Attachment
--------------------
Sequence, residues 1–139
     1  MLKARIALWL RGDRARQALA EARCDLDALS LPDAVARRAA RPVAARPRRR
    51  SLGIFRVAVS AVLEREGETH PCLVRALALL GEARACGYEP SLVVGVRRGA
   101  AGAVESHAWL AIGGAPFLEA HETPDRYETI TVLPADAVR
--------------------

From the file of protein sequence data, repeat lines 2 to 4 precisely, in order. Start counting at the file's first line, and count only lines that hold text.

     1  MLKARIALWL RGDRARQALA EARCDLDALS LPDAVARRAA RPVAARPRRR
    51  SLGIFRVAVS AVLEREGETH PCLVRALALL GEARACGYEP SLVVGVRRGA
   101  AGAVESHAWL AIGGAPFLEA HETPDRYETI TVLPADAVR